Norristown Woolen Co. - Stock CertificateInv# AN1003 Stock
Printed by Wm. M. Christy's Sons & Co. Great Ram!
Norristown is a municipality (with home rule status) and the county seat of Montgomery County, Pennsylvania in the Philadelphia metropolitan area. Located along the Schuylkill River approximately 6 miles (9.7 km) from the Philadelphia city limits, Norristown has a population of 34,324 as of the 2010 U.S. Census. It is the fourth most populous municipality in the county and second most populous borough in Pennsylvania. It is the largest non-township municipality in Montgomery County.
The area where Norristown sits was originally owned by the family of Isaac Norris. Along with William Trent, Norris purchased the land on October 7, 1704 for 50¢ per acre. In 1712, Norris acquired Trent's share and established a gristmill at the foot of present-day Water Street.
Named the county seat in 1784 when Montgomery County was formed, Norristown was incorporated as a borough in 1812 and subsequently enlarged in 1853. About 500 people lived there at the time of its incorporation. Growing rapidly after the Civil War, it swelled to 22,265 people by 1900. By 1940 it was home to 38,181 Norristonians, making it the most populous borough in Pennsylvania before declining in the decades after World War II, and in fact it was described in that year as "the most populous independent borough in the United States."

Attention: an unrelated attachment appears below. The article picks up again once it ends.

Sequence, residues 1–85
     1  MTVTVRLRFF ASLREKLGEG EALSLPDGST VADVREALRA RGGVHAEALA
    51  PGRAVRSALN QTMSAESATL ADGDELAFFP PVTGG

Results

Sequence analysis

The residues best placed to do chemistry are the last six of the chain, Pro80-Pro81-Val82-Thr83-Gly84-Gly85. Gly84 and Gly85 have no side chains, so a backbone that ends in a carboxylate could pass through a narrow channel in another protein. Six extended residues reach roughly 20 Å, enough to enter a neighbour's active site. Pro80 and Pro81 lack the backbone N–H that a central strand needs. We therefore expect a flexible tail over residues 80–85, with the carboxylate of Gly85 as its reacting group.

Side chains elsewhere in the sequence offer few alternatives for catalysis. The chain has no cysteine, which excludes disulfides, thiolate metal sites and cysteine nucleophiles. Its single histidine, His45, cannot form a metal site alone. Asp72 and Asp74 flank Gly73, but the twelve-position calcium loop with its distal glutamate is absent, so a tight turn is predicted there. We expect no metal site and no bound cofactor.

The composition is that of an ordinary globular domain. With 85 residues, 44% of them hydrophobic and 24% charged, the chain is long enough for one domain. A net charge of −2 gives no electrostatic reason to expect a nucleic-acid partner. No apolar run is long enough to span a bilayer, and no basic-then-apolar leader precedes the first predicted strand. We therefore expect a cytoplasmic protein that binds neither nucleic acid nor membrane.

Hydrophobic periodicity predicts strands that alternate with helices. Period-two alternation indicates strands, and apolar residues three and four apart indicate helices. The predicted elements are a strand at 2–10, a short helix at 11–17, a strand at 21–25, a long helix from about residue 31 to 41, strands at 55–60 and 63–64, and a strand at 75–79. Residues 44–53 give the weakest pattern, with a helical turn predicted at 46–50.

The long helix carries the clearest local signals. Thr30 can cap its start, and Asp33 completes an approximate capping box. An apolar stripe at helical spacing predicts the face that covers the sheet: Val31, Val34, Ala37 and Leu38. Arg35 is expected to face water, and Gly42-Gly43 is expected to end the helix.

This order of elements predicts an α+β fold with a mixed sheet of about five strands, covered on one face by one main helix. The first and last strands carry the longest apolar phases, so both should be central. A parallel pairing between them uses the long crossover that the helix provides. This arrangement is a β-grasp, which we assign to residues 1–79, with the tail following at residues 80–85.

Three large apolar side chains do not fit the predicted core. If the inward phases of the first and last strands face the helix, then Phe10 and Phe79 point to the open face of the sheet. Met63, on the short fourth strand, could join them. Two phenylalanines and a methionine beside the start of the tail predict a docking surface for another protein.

At its height, Norristown was an industrial, retail, banking, and government center. Breweries, cigar factories, textile mills, icehouses, foundries, rolling mills, and lumber yards provided ample employment for skilled laborers and artisans. The downtown featured two department stores, several theaters, and enough goods and services that residents never had to leave town to find anything they needed. Although primarily settled by the English and a handful of Germans, Scots, Dutch, and Swedes, in the mid-1800s the Irish began arriving in large numbers, followed by waves of Italians at the turn of the century.
With the opening of new malls in nearby King of Prussia and Plymouth Meeting, the downtown declined in the decades after World War II. Industry soon followed, as many companies closed or relocated into new industrial parks throughout Montgomery County. Efforts to revitalize and reshape itself as a 21st-century community have produced minimal results.
A stock certificate is issued by businesses, usually companies. A stock is part of the permanent finance of a business. Normally, they are never repaid, and the investor can recover his/her money only by selling to another investor. Most stocks, or also called shares, earn dividends, at the business's discretion, depending on how well it has traded. A stockholder or shareholder is a part-owner of the business that issued the stock certificates.